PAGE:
In determining the balance of convenience, the court weighed the prejudice to the applicant if the interdict was not granted against the harm to the respondent if the relief was granted. In this instance, as the mining activities were not being carried on yet, there was no prejudice to the respondent. Accordingly, the court found that the requirements for the interdict were met and the application succeeded.
This was an application for an interdict to prohibit mining activities at West Nicholson mine and a further order relating to the processing, sale of and distribution of gold ore mined by the applicants.
The applicants were members of the West Nicholson Youth in Mining Association. The 2nd respondent offered to grant a tribute to the association to mine gold ore and three representatives were appointed by the association to negotiate with the 2nd respondent. After operations had begun, the three representatives along with the 3rd respondent, a third party, unilaterally implemented a profit sharing scheme which gave 50 percent of the proceeds to the four of them.
The 3rd respondent opposed the application contending that it did not satisfy the requirements of an interdict because the applicants had no prima facie right.
The main issue for the court’s consideration was whether or not the applicants had satisfied the requirements of an interdict. The court found that the applicants had proved that they were members of the association and had therefore established a prima facie right to the mining benefits granted by the agreement. The court further held that there was a well-grounded apprehension of irreparable harm to the applicants if the interim relief was not granted and that this had been clearly proved by the applicants.
Accordingly, the court granted the interim interdict as prayed.
The court considered an appeal against a prior criminal conviction.
The appellants had extracted gold ore from a gold mine and were intercepted and arrested by the police. They were charged under s368(2) of the Mines and Minerals Act for illegally prospecting for minerals. They pleaded guilty, were convicted and sentenced to the mandatory two-year prison sentence. They appealed on the ground that they were convicted on a charge which was not supported by the facts admitted between them and the State.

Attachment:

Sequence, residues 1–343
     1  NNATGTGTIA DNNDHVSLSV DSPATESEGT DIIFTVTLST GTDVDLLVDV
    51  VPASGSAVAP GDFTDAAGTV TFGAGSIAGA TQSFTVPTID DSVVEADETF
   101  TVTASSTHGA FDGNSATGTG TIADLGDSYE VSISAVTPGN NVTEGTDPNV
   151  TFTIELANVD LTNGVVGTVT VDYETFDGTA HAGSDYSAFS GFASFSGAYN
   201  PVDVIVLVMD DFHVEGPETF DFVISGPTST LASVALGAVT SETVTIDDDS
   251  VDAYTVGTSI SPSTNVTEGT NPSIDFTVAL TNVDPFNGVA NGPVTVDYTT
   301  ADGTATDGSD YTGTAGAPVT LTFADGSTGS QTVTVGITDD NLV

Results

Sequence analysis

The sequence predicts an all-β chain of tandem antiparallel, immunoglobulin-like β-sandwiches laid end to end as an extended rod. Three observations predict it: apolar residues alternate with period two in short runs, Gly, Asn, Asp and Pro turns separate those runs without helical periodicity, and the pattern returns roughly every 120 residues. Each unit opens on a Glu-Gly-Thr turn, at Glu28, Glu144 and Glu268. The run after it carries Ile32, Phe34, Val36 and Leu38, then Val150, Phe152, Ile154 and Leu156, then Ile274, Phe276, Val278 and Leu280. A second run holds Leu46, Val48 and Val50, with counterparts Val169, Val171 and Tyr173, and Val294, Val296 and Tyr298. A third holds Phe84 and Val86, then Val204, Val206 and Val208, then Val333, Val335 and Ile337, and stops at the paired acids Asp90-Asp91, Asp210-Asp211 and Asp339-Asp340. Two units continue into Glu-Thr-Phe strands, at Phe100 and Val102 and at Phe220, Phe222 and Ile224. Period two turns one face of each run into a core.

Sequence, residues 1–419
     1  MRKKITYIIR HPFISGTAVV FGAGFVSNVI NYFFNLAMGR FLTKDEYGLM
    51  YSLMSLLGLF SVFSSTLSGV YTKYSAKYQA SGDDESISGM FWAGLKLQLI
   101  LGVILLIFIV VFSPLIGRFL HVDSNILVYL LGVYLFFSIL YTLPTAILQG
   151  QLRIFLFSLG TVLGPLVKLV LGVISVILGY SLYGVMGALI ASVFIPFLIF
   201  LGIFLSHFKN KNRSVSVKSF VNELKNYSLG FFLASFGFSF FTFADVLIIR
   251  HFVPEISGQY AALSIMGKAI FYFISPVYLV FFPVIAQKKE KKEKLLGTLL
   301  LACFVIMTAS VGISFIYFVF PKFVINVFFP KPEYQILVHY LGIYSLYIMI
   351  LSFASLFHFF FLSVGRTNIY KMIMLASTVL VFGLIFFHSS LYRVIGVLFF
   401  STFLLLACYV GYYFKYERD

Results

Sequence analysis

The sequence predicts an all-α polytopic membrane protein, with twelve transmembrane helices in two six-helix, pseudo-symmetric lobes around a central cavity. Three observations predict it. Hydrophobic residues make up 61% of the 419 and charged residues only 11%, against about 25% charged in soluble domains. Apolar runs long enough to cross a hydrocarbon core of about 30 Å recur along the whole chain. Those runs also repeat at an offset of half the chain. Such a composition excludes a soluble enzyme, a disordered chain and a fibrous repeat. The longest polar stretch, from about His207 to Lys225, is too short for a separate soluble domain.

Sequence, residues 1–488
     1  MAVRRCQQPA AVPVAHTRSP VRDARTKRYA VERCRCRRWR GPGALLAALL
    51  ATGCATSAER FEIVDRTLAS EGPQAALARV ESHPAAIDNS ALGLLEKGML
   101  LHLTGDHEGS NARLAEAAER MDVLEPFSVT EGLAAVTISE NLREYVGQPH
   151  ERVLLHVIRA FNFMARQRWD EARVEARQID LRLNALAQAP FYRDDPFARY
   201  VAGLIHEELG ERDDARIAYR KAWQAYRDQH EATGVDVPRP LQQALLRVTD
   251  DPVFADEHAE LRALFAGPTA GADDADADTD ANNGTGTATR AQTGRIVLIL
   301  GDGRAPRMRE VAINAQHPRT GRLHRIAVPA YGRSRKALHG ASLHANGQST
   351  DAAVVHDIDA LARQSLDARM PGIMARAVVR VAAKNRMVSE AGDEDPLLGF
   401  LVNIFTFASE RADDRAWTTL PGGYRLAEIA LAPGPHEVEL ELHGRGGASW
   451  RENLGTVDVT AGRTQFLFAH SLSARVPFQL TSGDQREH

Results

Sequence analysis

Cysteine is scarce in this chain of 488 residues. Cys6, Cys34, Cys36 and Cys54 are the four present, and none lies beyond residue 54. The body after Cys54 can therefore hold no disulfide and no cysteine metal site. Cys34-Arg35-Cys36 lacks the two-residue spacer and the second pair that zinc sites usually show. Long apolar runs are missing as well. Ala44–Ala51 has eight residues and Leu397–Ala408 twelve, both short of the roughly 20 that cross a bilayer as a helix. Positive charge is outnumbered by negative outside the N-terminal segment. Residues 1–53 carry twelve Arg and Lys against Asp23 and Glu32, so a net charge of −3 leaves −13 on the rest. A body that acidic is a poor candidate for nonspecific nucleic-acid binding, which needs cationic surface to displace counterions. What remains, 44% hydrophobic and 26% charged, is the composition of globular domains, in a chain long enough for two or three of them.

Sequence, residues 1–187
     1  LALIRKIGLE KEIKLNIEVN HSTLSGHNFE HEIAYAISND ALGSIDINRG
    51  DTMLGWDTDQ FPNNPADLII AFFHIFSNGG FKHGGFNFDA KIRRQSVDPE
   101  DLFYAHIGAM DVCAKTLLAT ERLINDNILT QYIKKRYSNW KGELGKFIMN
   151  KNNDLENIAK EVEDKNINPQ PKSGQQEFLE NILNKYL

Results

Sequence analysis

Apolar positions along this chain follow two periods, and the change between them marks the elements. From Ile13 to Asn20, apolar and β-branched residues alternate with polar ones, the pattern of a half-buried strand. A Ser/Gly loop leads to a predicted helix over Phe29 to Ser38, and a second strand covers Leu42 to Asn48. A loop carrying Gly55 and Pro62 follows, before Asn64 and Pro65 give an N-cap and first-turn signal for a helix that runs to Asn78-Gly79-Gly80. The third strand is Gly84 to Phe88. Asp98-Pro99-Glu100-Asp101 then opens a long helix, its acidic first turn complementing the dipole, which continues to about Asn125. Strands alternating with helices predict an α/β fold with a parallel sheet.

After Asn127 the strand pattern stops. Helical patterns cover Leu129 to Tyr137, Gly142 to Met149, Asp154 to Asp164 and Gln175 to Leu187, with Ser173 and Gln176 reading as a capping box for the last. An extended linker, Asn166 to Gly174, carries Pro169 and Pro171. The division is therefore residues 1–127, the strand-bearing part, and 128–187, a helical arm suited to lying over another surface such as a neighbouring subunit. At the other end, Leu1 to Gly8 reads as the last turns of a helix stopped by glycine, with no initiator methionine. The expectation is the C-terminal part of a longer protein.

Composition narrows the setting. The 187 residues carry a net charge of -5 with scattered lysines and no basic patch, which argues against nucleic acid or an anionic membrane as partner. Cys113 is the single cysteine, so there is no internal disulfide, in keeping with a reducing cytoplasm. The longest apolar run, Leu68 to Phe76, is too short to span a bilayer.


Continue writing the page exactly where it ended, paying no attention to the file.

The court had to consider whether the appellants’ plea of guilty was sufficient to convict them for contravening s368(2) of the Act. The court found that courts have a duty to protect the rights of the accused and to ensure that they fully understand the charge and the essential elements, as well as that they genuinely, and unequivocally admit to the charge, its essential elements, and the facts alleged by the prosecution.
In this case, the lower court simply accepted the uninformed admission of guilt by the accused as proof and disregarded the fact that the charge was not proved by the facts relied upon by the State.
Further, the court found that the appellants did not prospect for minerals, they simply stored gold ore from a known mine, thus contravening s379 not s368.
Accordingly, the appeal was upheld.
The court considered an application to set aside the National Water Authority Regulations and tariffs on the ground that they were ultra vires and violated the applicants’ rights.
The applicants’ business operations involved sugar-cane growing and sugar processing. They concluded two agreements with the Zimbabwe National Water Authority (ZINWA), which related to the supply of water. It was a term of the agreement that the parties would, together, review charges for raw water, and should they fail to agree, the respondent would fix the prices. Subsequently, ZINWA addressed a letter advising the applicants of their intention to review the charges. The respondent unilaterally increased the tariffs and failed to notify the applicants. The respondent argued that in terms of the ZINWA Act, she had the authority to impose tariffs for water charges and that the regulations did not violate the applicants’ rights.
The court considered whether the respondent had acted lawfully in imposing the water tariffs. It found that the government reviewed the water charges, and not ZINWA which was lawfully established to review the tariffs in as far as the applicant was concerned.
The court found that the respondent could not unilaterally increase water tariffs, unless ZINWA had made application to it to justify the increase. In this case, the respondent failed to notify the applicants, nor did she give them an opportunity to respond. The court concluded that the respondent acted ultra vires by increasing the tariffs and her actions were unlawful. Accordingly, the application was upheld
The court considered a criminal appeal, where the applicants had been charged for contravening s7(1)(a) or (b) of the Communal Land Act, by occupying or using communal land without lawful authority. The applicants pleaded guilty and were convicted and sentenced to pay a fine of $5000 or 30 days in prison. The appellants appealed the conviction on the ground that the court committed an irregularity by failing to proceed in terms of the correct procedure.
They contended that by entering a guilty plea, the court had a duty to safeguard the fair trial rights of the accused by adopting a procedure which was most likely to suggest a defence where there was one.
The court considered whether the appellant’s conviction was lawful. It observed that with unrepresented accused persons, there was the ever-present likelihood that out of ignorance of the law, a person would admit to charges of a complex nature out of a desire to draw sympathy of the police or the courts and the onus was upon the court to choose a procedure which would have given the appellants a possible defence.